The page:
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BLAME IT ON
THE ALTITUDE

Higher elevations may
worsen sleep problems

Written by JENNY DEAM

Ah, there's nothing like the clean, crisp mountain air of the high country for a really good night's sleep. So why are you still awake counting the crossbeams in your cabin?

Sleep disorder experts say that altitude may have exactly the opposite effect than most people think, causing insomnia, restless sleep, groggy mornings and worsening sleep apnea in some patients. If you had trouble sleeping before, you can pretty much count on your trip uphill only making matters worse. "If you had mild sleep apnea at sea level, you may have moderate to severe sleep apnea at altitude," says Dr. Dawn

Stanley, director of Sleep Disorder Center at Sky Ridge Medical Center in Lone Tree. She says when she moved to Colorado from Chicago three years ago, she actually worried she would never find a job in the sleep disorder field. But there have been plenty of cases here to keep her busy.

The word "apnea" is Greek and literally means without breath. Sleep apnea is a medical condition in which you actually stop breathing for at least 10 seconds and sometimes up to a minute. It can happen hundreds of times per night, usually with the person never knowing the next morning it has occurred. The result is fractured and poor-quality sleep and a nagging fatigue the next day.

Sleep apnea is surprisingly common, affecting as many as 18 million people in this country. It is as prevalent as asthma or adult diabetes, according to the National Sleep Foundation. Add to that the 20 to 40 percent of all adults who suffer from bouts of insomnia caused by other factors and the 60 percent of women who report they get only a few good nights' sleep a week, and it's small wonder ours is now considered a sleepyhead nation.

Sleep apnea is only one of several medical conditions that can cause sleep problems. It can be divided into two types. The most common is called obstructive sleep apnea, which occurs when the muscles in the back of the throat fail to keep the airway open. It is often thought to be associated with being overweight, but thin people can also be affected. Chronic snoring can also be a sign of sleep apnea. It affects more men than women, but as women near or reach menopause, they tend to catch up. One theory is that hormone levels in women of child-bearing age tend to protect them from sleep apnea and other sleep disturbances. But once those levels decrease, sleep problems begin to rise.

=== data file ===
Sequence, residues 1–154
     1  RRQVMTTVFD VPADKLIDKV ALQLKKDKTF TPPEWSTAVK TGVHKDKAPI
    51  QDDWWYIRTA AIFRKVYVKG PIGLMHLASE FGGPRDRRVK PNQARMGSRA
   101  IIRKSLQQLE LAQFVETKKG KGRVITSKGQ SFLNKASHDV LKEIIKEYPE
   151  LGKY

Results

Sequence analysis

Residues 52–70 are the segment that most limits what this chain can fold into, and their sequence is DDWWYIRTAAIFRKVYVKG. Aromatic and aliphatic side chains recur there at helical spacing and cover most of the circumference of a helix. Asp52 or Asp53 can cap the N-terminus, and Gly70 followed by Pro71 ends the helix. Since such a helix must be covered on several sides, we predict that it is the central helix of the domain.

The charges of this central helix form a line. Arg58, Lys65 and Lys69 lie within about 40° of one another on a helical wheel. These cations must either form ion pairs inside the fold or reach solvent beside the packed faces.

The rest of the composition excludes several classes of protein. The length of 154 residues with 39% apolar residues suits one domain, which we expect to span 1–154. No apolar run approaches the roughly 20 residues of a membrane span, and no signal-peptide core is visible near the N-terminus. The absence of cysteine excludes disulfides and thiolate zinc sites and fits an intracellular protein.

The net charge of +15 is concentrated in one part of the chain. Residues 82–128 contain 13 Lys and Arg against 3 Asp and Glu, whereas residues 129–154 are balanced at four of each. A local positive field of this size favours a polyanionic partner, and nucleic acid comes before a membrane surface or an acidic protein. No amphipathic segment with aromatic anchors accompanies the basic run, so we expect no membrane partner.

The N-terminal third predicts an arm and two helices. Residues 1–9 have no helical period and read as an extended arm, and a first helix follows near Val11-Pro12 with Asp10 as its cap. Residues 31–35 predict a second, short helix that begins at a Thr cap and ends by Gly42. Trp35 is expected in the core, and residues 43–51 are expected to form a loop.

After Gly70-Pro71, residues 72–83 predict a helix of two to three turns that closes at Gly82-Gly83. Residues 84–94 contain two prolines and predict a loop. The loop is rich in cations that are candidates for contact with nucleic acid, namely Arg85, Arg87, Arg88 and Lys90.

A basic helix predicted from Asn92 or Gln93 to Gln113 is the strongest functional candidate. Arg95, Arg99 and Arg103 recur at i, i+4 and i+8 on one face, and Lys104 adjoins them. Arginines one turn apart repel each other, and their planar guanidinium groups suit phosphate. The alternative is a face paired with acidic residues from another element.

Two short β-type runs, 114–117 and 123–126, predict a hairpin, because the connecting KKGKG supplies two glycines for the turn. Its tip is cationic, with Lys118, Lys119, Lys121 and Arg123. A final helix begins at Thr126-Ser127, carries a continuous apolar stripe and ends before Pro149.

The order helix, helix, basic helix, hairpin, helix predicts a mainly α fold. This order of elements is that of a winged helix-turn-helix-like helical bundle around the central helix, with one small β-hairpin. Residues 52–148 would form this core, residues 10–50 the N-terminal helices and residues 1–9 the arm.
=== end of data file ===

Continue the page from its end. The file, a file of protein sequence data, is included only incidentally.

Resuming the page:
The other form of sleep apnea is called central sleep apnea, and it has been linked to higher elevations. The human body maintains a narrow balance of oxygen and carbon dioxide. Normally when a person falls asleep, the carbon dioxide rises slightly, and the oxygen falls, explains Dr. Teofilo Lee- Chiong, medical director of the Sleep Center at Denver's National Jewish Medical and Research Center.

But in altitude, he says, there are already lower levels of oxygen, so you breathe faster and deeper, blowing off more carbon dioxide to maintain the balance. Then when you fall asleep, the process is magnified. The brain senses the carbon dioxide levels are low, so it actually tells the body to quit breathing, and an apnea episode occurs. Dr. Lee-Chiong says the condition usually corrects itself after a few days as the body adjusts to higher elevation. But it can persist, especially if a person has other underlying sleep problems or has heart or lung conditions.